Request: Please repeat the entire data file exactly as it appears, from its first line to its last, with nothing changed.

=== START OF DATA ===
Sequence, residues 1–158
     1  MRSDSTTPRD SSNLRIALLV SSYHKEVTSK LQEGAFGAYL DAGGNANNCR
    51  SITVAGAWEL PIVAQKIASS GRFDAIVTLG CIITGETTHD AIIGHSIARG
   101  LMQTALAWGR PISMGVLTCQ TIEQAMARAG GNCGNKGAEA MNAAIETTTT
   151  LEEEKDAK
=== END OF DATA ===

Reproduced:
Sequence, residues 1–158
     1  MRSDSTTPRD SSNLRIALLV SSYHKEVTSK LQEGAFGAYL DAGGNANNCR
    51  SITVAGAWEL PIVAQKIASS GRFDAIVTLG CIITGETTHD AIIGHSIARG
   101  LMQTALAWGR PISMGVLTCQ TIEQAMARAG GNCGNKGAEA MNAAIETTTT
   151  LEEEKDAK